the beauty of midsommar
From there, it was an easy ride in terms of “navigation”. You do not need any advanced electronic equipment for a bare bones LD run (it’s for the rally guys). The Swedish have found the perfect way of putting up signs that lead you through the closer area while at the same time informing you on regional or further destinations, piece of cake. East of Helsingborg I immediately felt what Hampe, the distinguished Swedish IBA member, had describes for a Midsommar’s night run: complete loneliness and a feeling of “end of the world”. And you say to yourself: “Good that I did not bail out, they have built all these beautiful roads only because of you and your SaddleSore 1000.”
The next gas stop at Ljungby. This time clever enough to first remove the tank for checking the wires of the USB socket and then fill up. Happily figured out the fuse was blown, bought a set of 10 new ones, realized the fuse was okay. Checked the connections: too bad, did a decent job when I installed the thingy. The crap was internally rotten. Charger, phone and me walking into the 7/eleven, to tell my wife I am okay. And off I went, passing a pair of fellow German riders that did not even return my salutation, probably pissed by missing the World Cup game against Ghana.
And then, just through most of Jönköping, short before Huskvarna, the road touches Lake Vättern. Impossible for me to describe the sight, nor the feelings it provoked. Most clouds had also cleared from the sky, it was incredible. The E4 runs snugly with the coastline, partly in different levels for the two directions. This construction is celebrating nature, awesome.
askersund – gem of the vättern
Another fuel stop (Östgötaporten), getting past Mjölby where the first “Askersund”-signes came up. Steady going and I entered the turning point of the ride at about 9pm. Askersund is a very nice little town with an impressive brick church. The gas station was staffed and the locals paid visits to it, buying sweets or coffee. Classic american full size cars from the fifties and sixties, low-riding, with matching rock’n roll music from inside. I spent around 30-40 minutes in Askersund, at the Shell station waiting for the phone to recharge, looking around, take some pictures, send the text message.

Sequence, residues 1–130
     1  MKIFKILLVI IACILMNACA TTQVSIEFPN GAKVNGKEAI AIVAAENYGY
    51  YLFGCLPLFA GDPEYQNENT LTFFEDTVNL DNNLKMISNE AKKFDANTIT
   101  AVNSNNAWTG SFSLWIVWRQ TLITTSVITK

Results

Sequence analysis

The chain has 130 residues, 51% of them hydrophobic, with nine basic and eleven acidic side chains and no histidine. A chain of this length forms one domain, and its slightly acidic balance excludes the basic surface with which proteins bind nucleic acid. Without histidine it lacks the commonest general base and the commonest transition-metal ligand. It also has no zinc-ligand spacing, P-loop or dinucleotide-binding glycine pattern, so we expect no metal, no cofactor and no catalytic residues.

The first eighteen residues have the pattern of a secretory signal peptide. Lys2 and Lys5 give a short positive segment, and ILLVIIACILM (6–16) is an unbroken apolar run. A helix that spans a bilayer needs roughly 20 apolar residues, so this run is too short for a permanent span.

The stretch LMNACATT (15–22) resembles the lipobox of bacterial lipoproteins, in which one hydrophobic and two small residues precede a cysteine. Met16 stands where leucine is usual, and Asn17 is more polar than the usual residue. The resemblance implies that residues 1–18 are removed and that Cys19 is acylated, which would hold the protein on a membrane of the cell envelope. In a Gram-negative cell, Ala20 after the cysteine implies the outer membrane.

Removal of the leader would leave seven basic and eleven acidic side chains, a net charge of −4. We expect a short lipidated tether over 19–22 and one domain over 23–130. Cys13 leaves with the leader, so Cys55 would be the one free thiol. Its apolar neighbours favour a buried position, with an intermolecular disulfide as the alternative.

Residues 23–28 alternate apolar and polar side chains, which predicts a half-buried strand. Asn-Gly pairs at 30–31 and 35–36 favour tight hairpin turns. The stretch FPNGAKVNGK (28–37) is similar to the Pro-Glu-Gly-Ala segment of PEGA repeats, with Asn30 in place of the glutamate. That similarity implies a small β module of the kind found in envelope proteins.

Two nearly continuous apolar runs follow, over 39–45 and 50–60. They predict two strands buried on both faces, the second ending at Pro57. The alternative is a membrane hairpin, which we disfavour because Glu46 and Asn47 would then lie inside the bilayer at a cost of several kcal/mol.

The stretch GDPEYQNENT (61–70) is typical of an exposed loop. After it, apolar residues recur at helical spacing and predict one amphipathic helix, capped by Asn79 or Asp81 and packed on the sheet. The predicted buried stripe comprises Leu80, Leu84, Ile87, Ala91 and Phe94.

At about 9:45 pm I took road #49 on the west side of the lake back south, back home. Remember: the tour was about: “Runt Vättern” (Round Lake Vättern). The road #49 is even more scenic than the highway on the eastern shore. It is made for motorcycle riding and with the night getting later, besides two or three trucks there was absolutely no one but me using it. Reaching Askersund I had already covered around 890 km (550 mls), so I figured it should be possible to ride the remaining distance in about 9.5 hours, if I stop fiddling with stuff and follow a straight schedule during gas stops.
Apropos: in Germany you would fill up and then go into the building where you pay. Meaning: they often close the station during night, when sales do not cover for personnel costs. In Denmark and Sweden you use your CC directly at the pump. As no one but you is involved, you need not fear closed stations during night or weekends.
Passing through Karlsborg (obviously a traditional vacation spot), Hjo and Habo I reached Jönköping again. From there the toughest part of the ride began, as I saw clear skies only in the mirror and a black wall of clouds in front of me. From there on it was either raining or I was covered by the spray from the wet road. It was getting real cold. Half way between Jönköping and Värnamo I pulled over for a gas stop at Klevshult, barely able to unmount the bike. I wasn’t shivering – I was shaking. Stretching and bouncing I regained some life and went on, passing Helsingborg. Next stop at about 2:30 am in Glumslöv, not really feeling better. Exercising until the shaking ceased and back on the bike.
I must admit, that I do not recall my ride around Malmö, the Öresund bridge and the 8km road construction at Copenhagen very well. What I do remember is entering the tunnel below Copenhagen airport because it was dry and warm down there.
Short before Slagelse, I had gone about 170 km from Glumslöv, I was struck by a massive attack of fatigue. I had not felt any signs of being tired for the entire ride so far. But this showed all the classical indicators: unable to properly concentrate on the road and eyelids following their own agenda. No arguing, no internal discussions, I pulled over at the next rest area (Antvorskov Nord), parked, shut off the engine and sat on a bench, shaking gain. With an inner grin, I was happy that I was still in control and did the right thing. I stretched myself out on the bench to take a power nap.
Don’t know how long I actually had been sleeping, but when I awoke I physically felt much better. To me the SaddleSore was over but I was very satisfied with having made the right decisions. I went on for the next gas station to fill up and find out what time it actually was. The pump at Slagelse Trafikcenter prints out: it’s 6:03am. Wait a minute, the odo tells me I need less than 140 km (87 mls) to make it to the 1000 miles plus some extra and I have exactly 1h 32’ left. Feeling fresh now this seemed to be doable on a early Sunday morning. On the bike I let go.